An estate tax is a tax on the right of the deceased to transfer property to his heirs or beneficiaries. Often called a death tax, estate tax is levied on the nonexempt portion of an estate before any portion of the estate is distributed. The federal estate tax is based on the total value of all property and other assets owned by the deceased at death. The estate tax must be paid by the executor, administrator or personal representative of the estate within nine months of the deceased's date of death. Property left to a surviving spouse who is a U.S. citizen is exempt from federal estate tax.
Estate tax may also be levied at the state level, depending on the laws of the state where the decedent was domiciled at the time of death. For more information on state taxes, see
2017 Estate Tax Guides
For detailed guidance on tax issues affecting individuals, trusts, estates, charitable organizations, partnerships, and corporations, refer to one of the tax guides posted on our Estate Tax Books page. An estate tax manual is a good resource to find current tax rates, checklists, and special tax tables.
How to Reduce Estate Taxes
There are several ways to reduce your potential estate tax liability to ensure your children, heirs or other beneficiaries receive more of your estate. If you are concerned about losing a portion of your estate to the government through taxes, consult a tax accountant or an estate planning attorney about gifting, charitable donations, tax saving trusts, and other planning strategies to reduce estate taxes. See gifting, charitable giving, and conservation easements.
For 2017, the federal estate tax exclusion amount is $5,490,000 per person.Based on portability provisions, a spouse is able to use the unused exemption amount of the first deceased spouse as well as his or her own exemption, so in 2017 the federal estate tax exclusion amount for a married couple is $10,980,000. See Internal Revenue Procedure 2016-55.Estates that exceed the exclusion amount are subject to a top federal tax rate of 40 percent, but that rate is subject to change.For 2016, the federal estate tax exclusion amount is $5,450,000 per person. For 2015, the federal estate tax exclusion amount is $5,430,000 per person. For 2014, the federal estate tax exclusion amount is $5,340,000 per person.Any gifts you give that exceed the annual gift tax exemption amount will reduce your total lifetime gift exemption amount. See 2017 Gifting Limits.If your estate could possibly exceed the estate tax exemption amount, consider how your heirs or beneficiaries will feel about losing nearly half of the amount they would otherwise inherit to the federal government. If you do not have an effective tax planning strategy in place to avoid exceeding the exemption amount, the federal government could lay claim to 40 percent of assets that should otherwise pass to your designated heirs or beneficiaries.In addition, you should evaluate the state estate taxes and inheritance taxes that may be applicable to your estate. Depending on applicable state laws, the impact of taxes on your estate and your heirs could be significant. Many people confuse estate taxes with inheritance taxes. The states are struggling for revenue, just like the federal government, so changes to state inheritance taxes could occur at any time. To learn more, see inheritances.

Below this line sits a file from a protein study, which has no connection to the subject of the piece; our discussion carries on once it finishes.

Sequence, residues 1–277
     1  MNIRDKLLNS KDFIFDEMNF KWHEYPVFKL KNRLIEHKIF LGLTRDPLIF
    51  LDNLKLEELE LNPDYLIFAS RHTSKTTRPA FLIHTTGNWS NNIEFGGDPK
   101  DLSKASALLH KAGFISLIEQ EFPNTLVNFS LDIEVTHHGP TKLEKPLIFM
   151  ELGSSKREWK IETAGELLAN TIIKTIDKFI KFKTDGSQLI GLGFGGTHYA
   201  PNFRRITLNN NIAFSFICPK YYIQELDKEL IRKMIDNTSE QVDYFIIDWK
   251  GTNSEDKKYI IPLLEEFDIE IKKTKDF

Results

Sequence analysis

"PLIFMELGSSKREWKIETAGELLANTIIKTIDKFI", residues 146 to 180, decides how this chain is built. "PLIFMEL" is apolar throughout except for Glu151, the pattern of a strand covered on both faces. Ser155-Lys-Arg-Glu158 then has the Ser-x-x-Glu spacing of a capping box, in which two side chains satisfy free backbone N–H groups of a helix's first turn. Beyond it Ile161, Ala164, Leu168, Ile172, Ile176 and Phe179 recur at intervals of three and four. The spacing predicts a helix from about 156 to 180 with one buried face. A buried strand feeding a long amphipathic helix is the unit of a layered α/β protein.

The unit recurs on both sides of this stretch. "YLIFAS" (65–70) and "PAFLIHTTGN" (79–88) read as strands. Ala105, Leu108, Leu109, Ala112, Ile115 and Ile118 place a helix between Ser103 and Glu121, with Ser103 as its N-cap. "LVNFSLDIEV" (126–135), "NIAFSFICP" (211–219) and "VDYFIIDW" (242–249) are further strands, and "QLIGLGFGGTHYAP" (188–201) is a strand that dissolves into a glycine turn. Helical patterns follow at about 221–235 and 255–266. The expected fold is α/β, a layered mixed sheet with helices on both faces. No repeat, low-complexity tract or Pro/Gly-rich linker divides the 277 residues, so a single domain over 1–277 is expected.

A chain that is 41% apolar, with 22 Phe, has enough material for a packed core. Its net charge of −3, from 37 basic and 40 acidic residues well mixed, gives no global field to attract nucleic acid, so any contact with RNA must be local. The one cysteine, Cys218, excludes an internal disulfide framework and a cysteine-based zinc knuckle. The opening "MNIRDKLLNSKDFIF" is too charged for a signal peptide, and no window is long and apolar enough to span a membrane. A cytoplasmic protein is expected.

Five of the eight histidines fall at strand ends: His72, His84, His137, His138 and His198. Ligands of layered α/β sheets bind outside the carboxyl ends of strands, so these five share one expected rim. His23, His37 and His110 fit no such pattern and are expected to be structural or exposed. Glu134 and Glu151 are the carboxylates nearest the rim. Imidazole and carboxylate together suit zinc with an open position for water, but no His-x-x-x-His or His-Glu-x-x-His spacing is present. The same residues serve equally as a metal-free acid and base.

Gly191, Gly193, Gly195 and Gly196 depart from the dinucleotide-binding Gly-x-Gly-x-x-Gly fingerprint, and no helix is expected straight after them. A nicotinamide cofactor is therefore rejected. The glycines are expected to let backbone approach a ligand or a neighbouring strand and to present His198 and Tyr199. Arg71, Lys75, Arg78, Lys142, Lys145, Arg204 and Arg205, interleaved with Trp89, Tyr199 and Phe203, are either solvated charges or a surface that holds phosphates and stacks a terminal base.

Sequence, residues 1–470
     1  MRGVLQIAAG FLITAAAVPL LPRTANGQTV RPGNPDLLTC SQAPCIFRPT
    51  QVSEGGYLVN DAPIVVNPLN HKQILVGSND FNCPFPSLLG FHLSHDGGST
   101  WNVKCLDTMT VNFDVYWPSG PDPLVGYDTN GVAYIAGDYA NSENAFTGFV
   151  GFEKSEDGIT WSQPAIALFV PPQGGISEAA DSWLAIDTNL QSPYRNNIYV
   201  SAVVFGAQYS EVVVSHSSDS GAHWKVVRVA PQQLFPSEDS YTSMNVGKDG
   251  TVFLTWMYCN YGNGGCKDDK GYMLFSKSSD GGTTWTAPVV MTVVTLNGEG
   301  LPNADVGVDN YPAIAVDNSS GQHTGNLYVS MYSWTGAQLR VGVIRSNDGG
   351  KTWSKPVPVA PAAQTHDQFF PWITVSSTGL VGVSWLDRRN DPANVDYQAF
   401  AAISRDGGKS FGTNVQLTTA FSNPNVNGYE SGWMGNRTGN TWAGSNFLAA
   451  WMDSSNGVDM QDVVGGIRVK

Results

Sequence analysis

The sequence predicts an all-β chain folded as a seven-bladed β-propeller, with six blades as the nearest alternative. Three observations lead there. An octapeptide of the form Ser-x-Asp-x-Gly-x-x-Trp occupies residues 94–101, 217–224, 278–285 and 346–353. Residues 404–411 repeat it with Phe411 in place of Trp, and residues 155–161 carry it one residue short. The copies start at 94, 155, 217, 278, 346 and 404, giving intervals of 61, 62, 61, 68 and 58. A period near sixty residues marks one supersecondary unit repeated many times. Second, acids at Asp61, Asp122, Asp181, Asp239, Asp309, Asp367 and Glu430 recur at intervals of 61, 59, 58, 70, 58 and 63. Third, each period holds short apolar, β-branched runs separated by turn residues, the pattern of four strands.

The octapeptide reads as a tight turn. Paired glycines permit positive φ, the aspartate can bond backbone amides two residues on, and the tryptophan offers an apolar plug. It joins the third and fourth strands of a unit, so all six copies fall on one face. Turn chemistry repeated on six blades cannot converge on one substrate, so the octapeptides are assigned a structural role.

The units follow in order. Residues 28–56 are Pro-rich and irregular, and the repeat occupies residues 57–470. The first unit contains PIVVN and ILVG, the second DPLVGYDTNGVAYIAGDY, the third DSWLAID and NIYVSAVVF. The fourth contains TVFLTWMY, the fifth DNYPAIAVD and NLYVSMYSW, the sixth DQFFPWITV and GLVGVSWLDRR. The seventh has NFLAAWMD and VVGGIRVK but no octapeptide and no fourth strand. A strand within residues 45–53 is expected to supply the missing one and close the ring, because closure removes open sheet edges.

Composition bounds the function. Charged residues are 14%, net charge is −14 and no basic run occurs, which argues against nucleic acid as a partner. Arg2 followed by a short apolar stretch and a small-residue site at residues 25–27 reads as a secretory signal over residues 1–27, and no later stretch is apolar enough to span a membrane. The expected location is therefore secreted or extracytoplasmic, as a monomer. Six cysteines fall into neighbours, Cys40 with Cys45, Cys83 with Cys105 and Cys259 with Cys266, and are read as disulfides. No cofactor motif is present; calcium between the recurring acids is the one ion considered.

Estate Taxes and Business Owners
If you are the owner of a small business, it is especially important to be aware of your potential federal and state estate tax liability. Some small businesses will exceed the estate tax exemption, resulting in a large tax bill after the death of an owner. Without an effective estate tax plan and business succession plan, business assets or the entire business may have to be sold to pay tax bills. With the help of a tax professional and a lawyer, you can use estate planning methods such as trusts, partnerships, and life insurance to ensure your business can continue after you are gone.
Estate Tax Resources
This page lists the estate tax rates and estate tax exemption amounts for 2017, 2016, 2015, and 2014. However, the tax rates and the amount of taxes you may owe are unique to your specific circumstances and can only be determined by a CPA or other tax professional. Do not attempt to calculate the potential tax liability of your estate or of any person or entity without a licensed professional. To determine whether you need to engage in estate tax planning, consult an estate planning attorney or a CPA.
For a broader overview of the U.S. estate tax and a list of legal resources, see Estate Tax Information.
This page was updated March 16, 2017.